Re: Both DPL candidates: handling social conflict
On 13 Mar 2014, at 10:05, Lars Wirzenius <email@example.com> wrote:
> We have, from time to time, situations within the project where
> people's feelings are strong and raw at the same time. These might
> turn into outright flame wars, but even before they go that far, they
> can be damaging. For example, most of the init system discussions of
> the past couple of years haven't been flame wars, but they have been
> divisive and have caused hurt feelings and generally made Debian be
> less fun for a lot of people.
> Some of these situations are traditionally difficult for us to deal
> with. Clear trolling, or name calling, or unambiguous flaming is easy
> to deal with.
Indeed, though I’m a little bit concerned about the amount of flack that some of our teams (BTS owners and listmasters) have had to deal with for doing a difficult job in this area.
> Where we typically fail, as a project, is dealing well
> with situations when people mainly talk past each other, not listening
> to the other parties, and are entrenched and uncompromising, leading
> to quite voluminous discussions that often don't make any progress.
I think this is an element of how people communicate on the Internet, unfortunately. This isn’t to say that this is *right* or that we should accept it, but we should recognise the underlying causes here.
> My question is: what do you think we, as a project, and you, if
> elected as DPL, can do to handle such situations, and ideally prevent
> them? I am asking a general question, not specifically about the init
In general, and not specific to the init system, I think the code of conduct does go quite some way to help define what we accept as a community.
Having in my political career been involved with a number of negotiations affecting thousands of staff, my experience is that the core way of avoiding situations and being able to look past disagreements is to accept that the “other side” has legitimate views and concerns.
This can be both technical, and social. Debian has always prided itself as managing to fulfil both these roles. I don’t think that any contentious decision can be described as purely technical. After all, if it was just a technical decision, then the answer would be the technically correct one, right? :)
I believe the process we have for resolving these disputes is actually working well, but is perhaps not clear enough for those either outside the project, or those inside the project who have not seen or studied these before. The reminder of yet another how-do-we-release debate, or the periodic nonfree-firmware-in-main GRs should serve as a reminder to us that our collective memory as a project isn’t the best., especially for people who weren’t around at the time.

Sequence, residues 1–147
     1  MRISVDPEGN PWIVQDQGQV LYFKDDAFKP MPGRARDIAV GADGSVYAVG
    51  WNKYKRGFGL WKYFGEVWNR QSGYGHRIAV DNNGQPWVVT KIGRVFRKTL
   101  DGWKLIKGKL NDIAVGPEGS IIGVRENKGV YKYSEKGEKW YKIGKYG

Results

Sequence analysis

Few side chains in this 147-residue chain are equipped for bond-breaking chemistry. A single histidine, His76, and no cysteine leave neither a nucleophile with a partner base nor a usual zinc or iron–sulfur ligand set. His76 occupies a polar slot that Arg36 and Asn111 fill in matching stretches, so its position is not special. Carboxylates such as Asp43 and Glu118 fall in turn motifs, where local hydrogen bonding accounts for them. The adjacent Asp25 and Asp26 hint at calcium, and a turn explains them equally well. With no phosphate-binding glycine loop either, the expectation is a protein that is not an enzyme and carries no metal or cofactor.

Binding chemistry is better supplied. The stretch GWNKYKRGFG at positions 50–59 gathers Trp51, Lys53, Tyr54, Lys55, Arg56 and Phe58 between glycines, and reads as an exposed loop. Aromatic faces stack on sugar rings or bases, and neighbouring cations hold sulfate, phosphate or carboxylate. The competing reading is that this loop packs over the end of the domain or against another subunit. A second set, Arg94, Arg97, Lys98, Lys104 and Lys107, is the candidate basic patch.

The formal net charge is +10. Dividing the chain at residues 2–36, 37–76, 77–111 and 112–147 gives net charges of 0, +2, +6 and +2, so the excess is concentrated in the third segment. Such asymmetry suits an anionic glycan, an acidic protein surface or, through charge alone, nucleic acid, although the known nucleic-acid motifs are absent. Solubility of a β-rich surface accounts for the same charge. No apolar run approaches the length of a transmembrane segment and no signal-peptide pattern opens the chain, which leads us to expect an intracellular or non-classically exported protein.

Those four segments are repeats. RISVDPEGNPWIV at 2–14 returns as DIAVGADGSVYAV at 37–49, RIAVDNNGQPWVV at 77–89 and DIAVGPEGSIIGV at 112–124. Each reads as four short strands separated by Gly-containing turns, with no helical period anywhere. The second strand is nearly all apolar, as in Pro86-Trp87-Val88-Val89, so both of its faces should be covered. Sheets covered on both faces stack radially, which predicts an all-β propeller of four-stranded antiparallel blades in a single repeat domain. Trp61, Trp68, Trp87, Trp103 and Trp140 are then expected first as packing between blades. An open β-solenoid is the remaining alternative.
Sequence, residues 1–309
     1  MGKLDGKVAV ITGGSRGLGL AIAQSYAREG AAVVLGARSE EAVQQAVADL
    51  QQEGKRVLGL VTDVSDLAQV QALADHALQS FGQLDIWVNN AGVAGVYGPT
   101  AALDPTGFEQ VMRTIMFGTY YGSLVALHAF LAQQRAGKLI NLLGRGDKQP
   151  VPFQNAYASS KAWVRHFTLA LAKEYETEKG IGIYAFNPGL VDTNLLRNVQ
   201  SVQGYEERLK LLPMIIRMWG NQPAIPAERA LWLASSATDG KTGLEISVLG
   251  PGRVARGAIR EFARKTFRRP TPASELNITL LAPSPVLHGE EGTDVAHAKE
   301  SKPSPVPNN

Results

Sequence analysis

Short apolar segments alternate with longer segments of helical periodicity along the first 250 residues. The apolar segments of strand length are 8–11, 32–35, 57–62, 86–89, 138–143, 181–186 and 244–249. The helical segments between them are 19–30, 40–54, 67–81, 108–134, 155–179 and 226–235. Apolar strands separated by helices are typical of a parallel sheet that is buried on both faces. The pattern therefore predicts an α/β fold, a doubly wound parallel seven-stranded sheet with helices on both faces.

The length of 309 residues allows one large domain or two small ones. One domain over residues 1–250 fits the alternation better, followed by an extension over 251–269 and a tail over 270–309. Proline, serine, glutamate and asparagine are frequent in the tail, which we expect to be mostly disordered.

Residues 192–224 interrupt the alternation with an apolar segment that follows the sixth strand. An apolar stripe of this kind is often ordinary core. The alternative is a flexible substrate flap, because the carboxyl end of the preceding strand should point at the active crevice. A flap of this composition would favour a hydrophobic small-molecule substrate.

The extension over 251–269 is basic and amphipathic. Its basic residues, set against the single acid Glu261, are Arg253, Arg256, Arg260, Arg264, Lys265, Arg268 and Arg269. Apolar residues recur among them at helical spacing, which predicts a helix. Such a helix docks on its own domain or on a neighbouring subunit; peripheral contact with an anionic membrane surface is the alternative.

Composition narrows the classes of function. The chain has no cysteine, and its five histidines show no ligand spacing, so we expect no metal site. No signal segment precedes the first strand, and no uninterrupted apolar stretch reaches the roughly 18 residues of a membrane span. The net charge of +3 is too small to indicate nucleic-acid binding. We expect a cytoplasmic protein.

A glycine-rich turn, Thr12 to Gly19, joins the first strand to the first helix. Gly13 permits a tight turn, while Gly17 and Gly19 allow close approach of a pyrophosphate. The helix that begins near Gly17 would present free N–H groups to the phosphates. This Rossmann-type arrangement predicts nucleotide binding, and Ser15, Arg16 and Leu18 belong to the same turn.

Now, on specifically, what can the DPL do to help this, I have two answers.
Firstly, the DPL can act as a mediator for issues. It’s important that the DPL can evaluate both sides of a disagreement without favour. They can also work with various parties to try and come to a successful outcome.
Secondly, as DPL, I would not do the above unless required. The DPL has an important role, they have a mandate from the electorate to deliver their goals and help drive the project on. However, this does not mean getting involved in every little argument. To be successful (and remain sane!) I believe the DPL should ensure that the major issues are dealt with, and that less important problems are pushed to the sidelines. If there’s something that’s harming the future progress of the project, then that’s legitimate. Otherwise, the DPL will spend an enormous amount of time on something that’s (in the long run) just not that important as a whole.
For preventing the situations in the first place, I think that a) ensuring that people understand the process and b) understand the context in which they may or may not affect decisions is key for someone (or failing the mythical someone appearing, which seems to happen fairly regularly, the DPL) to communicate.
I seem to have written quite a lot of text above, but I don’t think the atmosphere in Debian is actually bad, especially compared with the past. There are issues which require attention, but we should also remember our core values as mentioned in my platform. Debian is a disparate group, but one who is bound together by common goals. Remembering that is key to understanding that we all share the same ideals.
> In previous years we've had a number of discussions about this, and in
> those a "social committee" has been proposed. What do you think about
I’m undecided when it comes to the social committee, mainly because I’m not sure what it’s trying to do in Debian in 2014, rather than back in 2007. A key quote shamelessly taken from http://lwn.net/Articles/221077/ for me would be that we should "develop social and cultural norms for the entire project first, based on what all developers could agree to. After all, members of the Debian project all agree on certain aspects, which could be summarized, just like the project's technical policy.”
After that, I believe that instead of a full blown social committee, we should be able to resolve issues via the DPL as above, or a trusted third party who the DPL asks to look into the issue. If the above fails, and I don’t see any reason why at the moment it should, then a social committee may well be the answer, but this should be a final option as it seems to me a rather heavyweight process.